Glendon’s Coates awarded Léger Fellowship

France’s legendary “Sun King”, Louis XIV, probably had a more profound political and cultural impact on his Canadian subjects thousands of kilometres away than he did in France, says York Professor Colin Coates, this year’s winner of the Jules and Gabrielle Léger Fellowship.

colin coatesLeft: Colin Coates

“In effect, the king was more valid to his faraway subjects precisely because there were so few competing power bases in the colony,” says Coates, Canada Research Chair in Canadian Cultural Landscapes. “Rituals and ceremonies conveyed the king’s legitimacy, and images of the king in portraits, prints, statues and even on coins, illustrated his authority and bolstered his prestige.”

The bilingual Coates, course director of Canadian Studies at Glendon, was awarded the Léger Fellowship by the Social Sciences and Humanities Research Council of Canada. Established in 1979, the fellowship honours the former Governor General and his wife for their dedicated service to Canada. The award promotes research on the contributions of the Crown and its representatives.

A graduate of York, Coates is a former director of Europe’s oldest centre for Canadian studies at the University of Edinburgh. He is known for his study of the role played by women and Aboriginal peoples in Canadian popular history. In documenting how Louis XIV established and maintained his legitimacy in New France, Coates hopes to clarify how European concepts of political legitimacy were transferred to colonies.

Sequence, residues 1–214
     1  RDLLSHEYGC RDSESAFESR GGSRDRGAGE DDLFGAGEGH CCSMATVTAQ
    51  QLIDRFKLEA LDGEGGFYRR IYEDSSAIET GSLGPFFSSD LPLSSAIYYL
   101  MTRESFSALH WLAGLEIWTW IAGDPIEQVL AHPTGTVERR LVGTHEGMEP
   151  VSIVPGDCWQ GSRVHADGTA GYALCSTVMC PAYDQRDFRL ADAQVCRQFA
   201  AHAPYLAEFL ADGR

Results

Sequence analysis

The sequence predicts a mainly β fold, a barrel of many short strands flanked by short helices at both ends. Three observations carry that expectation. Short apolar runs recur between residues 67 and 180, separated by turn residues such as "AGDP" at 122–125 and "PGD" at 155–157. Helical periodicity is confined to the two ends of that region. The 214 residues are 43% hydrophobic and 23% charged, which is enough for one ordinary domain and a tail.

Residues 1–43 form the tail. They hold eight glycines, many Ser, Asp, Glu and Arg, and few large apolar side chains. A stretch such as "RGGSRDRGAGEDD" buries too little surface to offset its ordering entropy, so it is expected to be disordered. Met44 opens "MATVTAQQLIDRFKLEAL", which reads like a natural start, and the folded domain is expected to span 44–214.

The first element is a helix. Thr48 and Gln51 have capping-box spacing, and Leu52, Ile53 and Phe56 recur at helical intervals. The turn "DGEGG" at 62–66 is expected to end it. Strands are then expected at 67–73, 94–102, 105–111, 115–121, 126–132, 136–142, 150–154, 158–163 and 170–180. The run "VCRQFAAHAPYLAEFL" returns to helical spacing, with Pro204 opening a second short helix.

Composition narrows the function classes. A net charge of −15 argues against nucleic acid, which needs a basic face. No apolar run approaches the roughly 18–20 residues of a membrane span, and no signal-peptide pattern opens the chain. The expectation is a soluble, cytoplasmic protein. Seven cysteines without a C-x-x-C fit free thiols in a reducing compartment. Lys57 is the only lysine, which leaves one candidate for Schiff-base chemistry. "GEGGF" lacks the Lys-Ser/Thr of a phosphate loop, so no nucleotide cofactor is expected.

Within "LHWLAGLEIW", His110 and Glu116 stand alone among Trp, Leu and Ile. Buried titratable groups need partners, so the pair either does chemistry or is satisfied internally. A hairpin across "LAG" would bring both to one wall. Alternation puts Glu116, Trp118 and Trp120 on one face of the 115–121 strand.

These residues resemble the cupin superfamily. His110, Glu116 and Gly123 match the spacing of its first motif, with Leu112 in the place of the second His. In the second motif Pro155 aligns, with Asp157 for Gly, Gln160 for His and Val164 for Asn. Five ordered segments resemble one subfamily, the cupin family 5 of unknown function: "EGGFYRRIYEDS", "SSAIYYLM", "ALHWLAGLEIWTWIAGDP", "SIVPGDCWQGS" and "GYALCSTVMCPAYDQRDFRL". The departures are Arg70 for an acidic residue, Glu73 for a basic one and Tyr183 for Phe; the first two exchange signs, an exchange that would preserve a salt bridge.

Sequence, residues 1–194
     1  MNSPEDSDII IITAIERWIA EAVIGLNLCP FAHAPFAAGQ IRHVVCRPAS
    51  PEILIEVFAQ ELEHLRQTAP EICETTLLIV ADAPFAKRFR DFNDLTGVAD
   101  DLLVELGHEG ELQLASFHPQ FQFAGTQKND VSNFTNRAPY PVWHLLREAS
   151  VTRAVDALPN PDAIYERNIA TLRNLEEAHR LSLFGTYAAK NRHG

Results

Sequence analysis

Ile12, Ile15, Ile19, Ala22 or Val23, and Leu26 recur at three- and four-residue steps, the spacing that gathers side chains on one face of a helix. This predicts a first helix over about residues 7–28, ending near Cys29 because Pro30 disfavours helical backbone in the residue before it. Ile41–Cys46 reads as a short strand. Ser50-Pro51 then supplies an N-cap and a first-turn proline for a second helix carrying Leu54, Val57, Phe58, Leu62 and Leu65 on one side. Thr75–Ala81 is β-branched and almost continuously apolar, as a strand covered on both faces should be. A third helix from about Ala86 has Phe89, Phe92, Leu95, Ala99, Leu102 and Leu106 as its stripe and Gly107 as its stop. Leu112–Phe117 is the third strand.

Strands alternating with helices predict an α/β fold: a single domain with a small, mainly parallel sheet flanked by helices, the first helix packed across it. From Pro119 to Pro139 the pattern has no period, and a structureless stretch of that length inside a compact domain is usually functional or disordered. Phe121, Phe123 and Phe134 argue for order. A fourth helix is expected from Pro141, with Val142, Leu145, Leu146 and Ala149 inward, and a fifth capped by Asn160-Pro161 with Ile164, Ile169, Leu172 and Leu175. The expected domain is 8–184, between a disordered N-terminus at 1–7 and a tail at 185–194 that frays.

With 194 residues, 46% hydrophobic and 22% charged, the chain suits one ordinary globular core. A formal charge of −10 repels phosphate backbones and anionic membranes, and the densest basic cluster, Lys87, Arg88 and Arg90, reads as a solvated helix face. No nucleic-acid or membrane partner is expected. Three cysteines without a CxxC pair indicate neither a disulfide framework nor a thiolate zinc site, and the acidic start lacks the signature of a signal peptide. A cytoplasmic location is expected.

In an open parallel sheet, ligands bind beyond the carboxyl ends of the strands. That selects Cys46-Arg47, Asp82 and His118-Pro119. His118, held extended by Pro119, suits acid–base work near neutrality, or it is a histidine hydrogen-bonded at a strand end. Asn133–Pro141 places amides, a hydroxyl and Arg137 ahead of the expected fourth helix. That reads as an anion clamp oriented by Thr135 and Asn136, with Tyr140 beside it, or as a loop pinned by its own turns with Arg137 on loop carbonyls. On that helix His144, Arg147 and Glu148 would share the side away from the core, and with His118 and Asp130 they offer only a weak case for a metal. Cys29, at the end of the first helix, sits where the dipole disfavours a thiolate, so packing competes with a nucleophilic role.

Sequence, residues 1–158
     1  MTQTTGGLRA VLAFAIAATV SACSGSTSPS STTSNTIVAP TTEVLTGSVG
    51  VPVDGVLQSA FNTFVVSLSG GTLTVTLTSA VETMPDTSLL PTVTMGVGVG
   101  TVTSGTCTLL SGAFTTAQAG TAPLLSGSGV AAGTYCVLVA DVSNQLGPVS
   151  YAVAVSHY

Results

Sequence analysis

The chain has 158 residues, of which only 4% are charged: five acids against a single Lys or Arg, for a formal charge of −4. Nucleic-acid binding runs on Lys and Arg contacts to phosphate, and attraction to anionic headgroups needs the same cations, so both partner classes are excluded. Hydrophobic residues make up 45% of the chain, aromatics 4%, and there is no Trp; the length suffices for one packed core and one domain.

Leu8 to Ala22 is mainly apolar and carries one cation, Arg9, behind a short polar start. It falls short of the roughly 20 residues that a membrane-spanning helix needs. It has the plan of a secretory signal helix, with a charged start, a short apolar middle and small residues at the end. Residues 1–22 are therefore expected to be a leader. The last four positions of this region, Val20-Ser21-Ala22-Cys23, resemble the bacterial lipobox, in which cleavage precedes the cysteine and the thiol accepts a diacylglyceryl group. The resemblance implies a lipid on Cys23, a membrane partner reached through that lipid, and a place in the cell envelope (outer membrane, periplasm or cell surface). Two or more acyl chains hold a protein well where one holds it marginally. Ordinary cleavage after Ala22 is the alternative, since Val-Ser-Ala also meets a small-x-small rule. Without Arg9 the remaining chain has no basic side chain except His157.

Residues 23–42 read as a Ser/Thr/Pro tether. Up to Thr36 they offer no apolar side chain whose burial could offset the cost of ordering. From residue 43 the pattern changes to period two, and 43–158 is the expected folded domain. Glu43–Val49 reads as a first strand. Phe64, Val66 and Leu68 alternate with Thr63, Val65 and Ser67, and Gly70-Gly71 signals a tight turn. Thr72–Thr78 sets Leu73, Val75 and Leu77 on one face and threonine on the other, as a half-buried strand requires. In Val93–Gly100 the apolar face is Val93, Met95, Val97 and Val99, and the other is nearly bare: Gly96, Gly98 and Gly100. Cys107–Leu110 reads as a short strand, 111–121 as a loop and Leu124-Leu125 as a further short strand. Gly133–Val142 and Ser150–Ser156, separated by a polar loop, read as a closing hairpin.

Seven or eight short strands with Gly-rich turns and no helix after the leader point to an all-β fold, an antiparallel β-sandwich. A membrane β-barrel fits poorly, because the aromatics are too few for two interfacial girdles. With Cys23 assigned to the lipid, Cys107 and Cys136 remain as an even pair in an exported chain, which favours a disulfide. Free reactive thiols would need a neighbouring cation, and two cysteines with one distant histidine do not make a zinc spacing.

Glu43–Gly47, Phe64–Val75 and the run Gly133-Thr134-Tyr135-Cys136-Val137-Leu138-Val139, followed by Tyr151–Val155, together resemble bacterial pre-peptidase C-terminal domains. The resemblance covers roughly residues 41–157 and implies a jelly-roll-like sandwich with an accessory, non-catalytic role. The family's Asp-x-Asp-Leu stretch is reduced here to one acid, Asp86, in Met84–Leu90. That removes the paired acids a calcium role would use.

He notes that when early French settlers first set foot in the New World, they weren’t completely leaving the Old World behind them. In addition to demonstrating control, displays of royal authority in the distant territory also served as entertainment for the settlers. The arrival of a new governor, the highest-ranking official in the colony, was one such occasion. The new governor in his finery would lead a procession of attendants to the cathedral in Quebec City. The pomp and splendour, so different from settlers’ everyday lives, created a spectacle many would rush to see.

He also points to the unveiling of a bust of Louis XIV in Quebec City’s Place Royale in 1686 — a replica of which still exists today — as an important civic ceremony and an example of the representation of the king in his distant colony.

Coates was awarded a Canada Research Chair in Social Sciences and Humanities to examine Canadian utopian visions of society in an international context. He notes that contemporary ideas about identity, race and gender in colonized countries like Canada are shaped as much by the colonial society as the colonizing states.